— Sandip Bhattacharya
I remember your house, the big house that
Would fill with summer-children’s laughter;
A house of books and nooks and many a cat:
So alive in my mind so long after.
News on the radio would start the day,
Then to the gardens we would tend,
And through the hot hours of the month of May
We would tinker and tamper and mend.
Grandmotherly lunches I can still recall:
We used to sit at the large round table,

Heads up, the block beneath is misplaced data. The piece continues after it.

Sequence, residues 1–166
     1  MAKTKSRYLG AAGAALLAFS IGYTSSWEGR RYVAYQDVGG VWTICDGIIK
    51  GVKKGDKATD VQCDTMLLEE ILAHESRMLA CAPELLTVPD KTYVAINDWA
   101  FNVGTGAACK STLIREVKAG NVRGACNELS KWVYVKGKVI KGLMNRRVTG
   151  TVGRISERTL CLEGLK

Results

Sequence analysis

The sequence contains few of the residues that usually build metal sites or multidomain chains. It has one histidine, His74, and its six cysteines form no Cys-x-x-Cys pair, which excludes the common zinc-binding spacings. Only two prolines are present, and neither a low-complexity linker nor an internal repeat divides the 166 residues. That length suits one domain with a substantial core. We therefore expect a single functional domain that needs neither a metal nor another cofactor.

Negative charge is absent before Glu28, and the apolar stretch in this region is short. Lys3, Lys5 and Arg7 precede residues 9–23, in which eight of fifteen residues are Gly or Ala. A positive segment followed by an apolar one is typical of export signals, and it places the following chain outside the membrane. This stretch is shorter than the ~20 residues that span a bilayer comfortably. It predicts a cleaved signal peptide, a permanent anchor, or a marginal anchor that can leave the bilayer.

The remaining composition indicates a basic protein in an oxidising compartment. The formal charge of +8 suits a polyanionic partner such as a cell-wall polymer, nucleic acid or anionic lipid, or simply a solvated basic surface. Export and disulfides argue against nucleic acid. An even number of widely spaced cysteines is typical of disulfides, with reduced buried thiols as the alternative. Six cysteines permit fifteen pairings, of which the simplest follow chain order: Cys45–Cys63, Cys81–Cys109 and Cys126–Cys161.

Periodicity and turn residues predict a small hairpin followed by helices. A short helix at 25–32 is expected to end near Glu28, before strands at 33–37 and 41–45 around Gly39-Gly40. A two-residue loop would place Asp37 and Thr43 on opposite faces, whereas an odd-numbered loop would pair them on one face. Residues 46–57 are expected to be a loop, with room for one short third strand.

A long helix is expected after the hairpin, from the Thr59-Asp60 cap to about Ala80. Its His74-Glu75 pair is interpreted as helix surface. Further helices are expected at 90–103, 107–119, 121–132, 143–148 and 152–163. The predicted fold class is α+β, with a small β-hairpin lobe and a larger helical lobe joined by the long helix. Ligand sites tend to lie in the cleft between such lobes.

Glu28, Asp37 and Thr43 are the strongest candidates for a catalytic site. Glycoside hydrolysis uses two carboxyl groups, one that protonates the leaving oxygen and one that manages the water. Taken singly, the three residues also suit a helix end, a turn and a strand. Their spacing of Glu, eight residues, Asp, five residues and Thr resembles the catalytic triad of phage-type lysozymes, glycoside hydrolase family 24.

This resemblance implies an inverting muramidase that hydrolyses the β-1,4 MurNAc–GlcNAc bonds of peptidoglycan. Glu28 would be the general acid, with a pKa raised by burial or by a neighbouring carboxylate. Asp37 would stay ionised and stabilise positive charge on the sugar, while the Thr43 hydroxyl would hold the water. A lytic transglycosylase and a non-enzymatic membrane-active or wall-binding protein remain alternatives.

And grandfatherly advice would be meted to all
Eked out by a tall story or a fable.
As I sit and patiently carve
My memories on this page,
The wet ink fades and this paper too
Starts to yellow with age.
I take your gift from the hand
Of your daughter – my mother;
In synaptic clarity I understand
What really binds us together:
It is a chain of tenderness
And continuity, implicit;
A chain forged not in suddenness,
But through time, bit by bit.
This chain is that which holds
The wide globe in its bind:
A helical chain that enfolds
The whole of living-kind.
But to you that which I owe,
Escapes a definition yet—
Memories, a way of life—
It’s more than a genetic debt.